The smallest fire station in Montgomery County can now double in size.
The Planning Board approved renovation plans for the Cabin John Park Volunteer Fire Department's station on Falls Road last Thursday, Oct. 16.
Under the approved plans, the station, currently the smallest in the county, will roughly double in size, from 5,492 square feet to 11,116.
In spite of the increase, the building, which looks like a small house, is expected to maintain a non-intrusive look.
“This is a sensitive treatment of the site that will maintain the residential character,” said Callum Murray, Potomac team leader for Park and Planning.
Cabin John Volunteer Fire Department wants to add a second story to the building, which will allow for a locker room and other facilities for the station’s female firefighters. Currently, women are forced to share space with men.
Also planned is a two-bay addition to the garages. This will allow the Department to store its new tanker truck, which will help provide service to areas of the county without fire hydrants.
Some residents had been upset about the plans for renovation, citing an agreement they say they had with the Department — that the station would be relocated if an expansion was needed.
The Potomac Master Plan, approved by the County Council in March of 2002, states that if the existing site could not accommodate an expansion, it would have to be relocated.
Residents were also upset about the noise created by the truck’s sirens, but the Planning Board determined that it could not regulate an operational issue such as that.
THE PLANNING BOARD SET a number of conditions for approval of the renovation, including requirements for fencing. (See box.)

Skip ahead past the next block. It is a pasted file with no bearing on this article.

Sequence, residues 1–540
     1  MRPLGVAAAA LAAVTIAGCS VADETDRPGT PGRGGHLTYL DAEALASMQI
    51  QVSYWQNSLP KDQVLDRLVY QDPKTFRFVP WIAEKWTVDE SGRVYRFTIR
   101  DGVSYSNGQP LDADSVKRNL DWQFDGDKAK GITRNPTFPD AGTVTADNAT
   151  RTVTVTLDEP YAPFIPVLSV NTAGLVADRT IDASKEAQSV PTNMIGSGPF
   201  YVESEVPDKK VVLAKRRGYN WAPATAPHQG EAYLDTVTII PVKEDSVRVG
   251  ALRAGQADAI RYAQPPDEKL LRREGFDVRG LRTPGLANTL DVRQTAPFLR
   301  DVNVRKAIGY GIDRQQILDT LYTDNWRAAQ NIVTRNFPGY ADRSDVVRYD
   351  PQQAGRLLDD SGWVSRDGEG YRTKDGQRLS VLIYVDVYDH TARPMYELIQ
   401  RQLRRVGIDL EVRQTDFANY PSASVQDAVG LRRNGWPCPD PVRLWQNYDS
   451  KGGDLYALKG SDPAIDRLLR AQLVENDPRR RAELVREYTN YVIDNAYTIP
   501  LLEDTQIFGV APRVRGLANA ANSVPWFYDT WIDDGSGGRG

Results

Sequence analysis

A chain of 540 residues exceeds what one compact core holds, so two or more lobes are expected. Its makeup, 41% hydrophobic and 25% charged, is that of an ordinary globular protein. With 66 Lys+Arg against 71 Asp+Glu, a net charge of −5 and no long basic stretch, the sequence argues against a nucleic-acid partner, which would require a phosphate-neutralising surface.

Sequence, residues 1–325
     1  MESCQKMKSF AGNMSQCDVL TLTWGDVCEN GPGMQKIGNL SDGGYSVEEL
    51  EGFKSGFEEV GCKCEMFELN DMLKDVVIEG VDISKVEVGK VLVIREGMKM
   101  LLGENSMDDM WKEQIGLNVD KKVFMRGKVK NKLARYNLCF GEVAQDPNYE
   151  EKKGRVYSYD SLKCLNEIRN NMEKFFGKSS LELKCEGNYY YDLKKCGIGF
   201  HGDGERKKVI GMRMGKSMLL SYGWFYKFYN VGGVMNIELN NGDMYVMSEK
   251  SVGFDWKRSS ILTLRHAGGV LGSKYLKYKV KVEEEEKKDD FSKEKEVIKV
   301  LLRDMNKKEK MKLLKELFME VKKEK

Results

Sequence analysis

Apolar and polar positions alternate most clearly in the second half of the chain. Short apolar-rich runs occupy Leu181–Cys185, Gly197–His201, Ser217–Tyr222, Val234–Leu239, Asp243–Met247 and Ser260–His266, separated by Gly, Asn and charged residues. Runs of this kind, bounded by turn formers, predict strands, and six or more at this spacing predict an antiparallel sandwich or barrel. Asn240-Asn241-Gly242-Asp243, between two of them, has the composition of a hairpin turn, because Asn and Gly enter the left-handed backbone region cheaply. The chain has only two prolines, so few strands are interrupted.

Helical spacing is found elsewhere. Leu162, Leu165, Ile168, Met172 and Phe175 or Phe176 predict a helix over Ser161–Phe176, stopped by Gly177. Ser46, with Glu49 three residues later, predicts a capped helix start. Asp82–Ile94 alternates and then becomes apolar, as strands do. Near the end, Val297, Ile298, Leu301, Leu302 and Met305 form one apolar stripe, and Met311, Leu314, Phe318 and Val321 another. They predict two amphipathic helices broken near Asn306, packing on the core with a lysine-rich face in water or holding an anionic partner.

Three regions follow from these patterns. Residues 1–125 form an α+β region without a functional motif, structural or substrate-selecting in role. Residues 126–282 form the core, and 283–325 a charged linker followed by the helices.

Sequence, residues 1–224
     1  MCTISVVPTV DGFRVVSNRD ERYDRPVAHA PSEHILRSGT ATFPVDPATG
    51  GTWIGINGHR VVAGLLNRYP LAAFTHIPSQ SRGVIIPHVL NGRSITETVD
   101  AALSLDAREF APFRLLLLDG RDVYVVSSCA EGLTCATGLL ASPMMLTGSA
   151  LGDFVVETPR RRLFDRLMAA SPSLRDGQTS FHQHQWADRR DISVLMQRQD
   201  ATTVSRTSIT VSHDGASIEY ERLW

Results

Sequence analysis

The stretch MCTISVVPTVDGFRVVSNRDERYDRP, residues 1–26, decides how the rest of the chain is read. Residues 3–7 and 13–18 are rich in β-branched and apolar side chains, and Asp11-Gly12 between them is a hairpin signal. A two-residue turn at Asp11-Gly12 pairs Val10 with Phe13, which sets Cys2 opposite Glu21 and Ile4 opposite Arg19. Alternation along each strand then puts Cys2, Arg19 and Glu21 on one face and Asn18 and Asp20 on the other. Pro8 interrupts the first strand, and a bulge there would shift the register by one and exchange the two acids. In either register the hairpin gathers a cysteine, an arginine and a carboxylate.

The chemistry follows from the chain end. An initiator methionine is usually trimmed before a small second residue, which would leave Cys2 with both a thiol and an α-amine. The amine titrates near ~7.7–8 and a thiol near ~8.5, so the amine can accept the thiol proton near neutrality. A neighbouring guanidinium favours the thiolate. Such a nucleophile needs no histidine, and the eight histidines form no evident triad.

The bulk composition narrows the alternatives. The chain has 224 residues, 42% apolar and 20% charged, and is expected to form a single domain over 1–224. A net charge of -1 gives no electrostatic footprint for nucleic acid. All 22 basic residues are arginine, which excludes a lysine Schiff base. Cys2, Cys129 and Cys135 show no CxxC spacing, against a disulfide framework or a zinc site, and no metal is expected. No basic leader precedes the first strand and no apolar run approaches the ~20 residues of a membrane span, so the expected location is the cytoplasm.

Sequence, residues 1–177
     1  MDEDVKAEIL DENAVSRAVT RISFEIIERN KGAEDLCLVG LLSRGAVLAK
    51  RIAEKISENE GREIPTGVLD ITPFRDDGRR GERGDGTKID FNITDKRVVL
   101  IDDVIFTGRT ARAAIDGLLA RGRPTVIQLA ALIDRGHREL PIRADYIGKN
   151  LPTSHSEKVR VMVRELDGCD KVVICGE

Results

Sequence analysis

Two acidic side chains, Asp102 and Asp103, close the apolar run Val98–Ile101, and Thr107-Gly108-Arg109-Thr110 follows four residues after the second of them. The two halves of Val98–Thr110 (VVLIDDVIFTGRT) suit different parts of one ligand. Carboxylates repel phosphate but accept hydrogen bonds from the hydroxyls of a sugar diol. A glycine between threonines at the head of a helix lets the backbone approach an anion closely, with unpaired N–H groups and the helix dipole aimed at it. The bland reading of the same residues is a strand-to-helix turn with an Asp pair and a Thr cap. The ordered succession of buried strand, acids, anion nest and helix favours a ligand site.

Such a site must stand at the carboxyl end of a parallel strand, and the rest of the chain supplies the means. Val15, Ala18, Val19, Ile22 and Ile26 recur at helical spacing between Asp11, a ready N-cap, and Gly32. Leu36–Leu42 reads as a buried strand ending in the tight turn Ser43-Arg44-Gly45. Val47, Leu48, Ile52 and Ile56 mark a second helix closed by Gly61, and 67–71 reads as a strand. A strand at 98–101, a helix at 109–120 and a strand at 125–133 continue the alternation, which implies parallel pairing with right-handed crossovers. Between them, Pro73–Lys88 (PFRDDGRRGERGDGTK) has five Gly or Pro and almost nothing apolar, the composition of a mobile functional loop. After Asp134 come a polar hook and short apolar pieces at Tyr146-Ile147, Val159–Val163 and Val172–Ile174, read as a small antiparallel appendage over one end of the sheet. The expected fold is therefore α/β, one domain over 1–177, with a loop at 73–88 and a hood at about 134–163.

Michael Farhandi is an abutting property owner who can see the station from his living room and from several other rooms in his house.
The Department frequently stores wrecked cars in back of the building for emergency rescue training. While Farhandi said he values the Department as a good neighbor, he wanted something to mitigate the sight and noise impacts involved in such training exercises.
One of the conditions of approving the expansion had been the construction of a 6-foot, board-on-board fence.
Farhandi suggested a brick fence. “I do want to make sure that the barrier is something of a permanent structure,” Farhandi said.
The Planning Board voted for an 8-foot fence instead, citing the expense of brick as opposed to wood. They said it might be unreasonable to ask the Fire Department to construct a brick fence.
“It might be beyond what is expected,” said Alison Bryant, Planning Board commissioner.
Bryant suggested to Farhandi that if he wants a more substantial structure, he could offer to split the costs with the Cabin John Fire Department.
THE LARGE tower antenna was also raised in discussion at Park and Planning.
Initially, Park and Planning commissioner Allison Bryant had suggested that the tower be disguised as a flagpole. “We try to minimize intrusions,” he said.
The tower antenna is currently used by the county as part of an emergency network.
“It is maintained by the county's radio shop,” Murray said.
Since the Cabin John Fire Department doesn't own the antenna, changing the appearance of the tower was not made one of the conditions of the approval of the plan.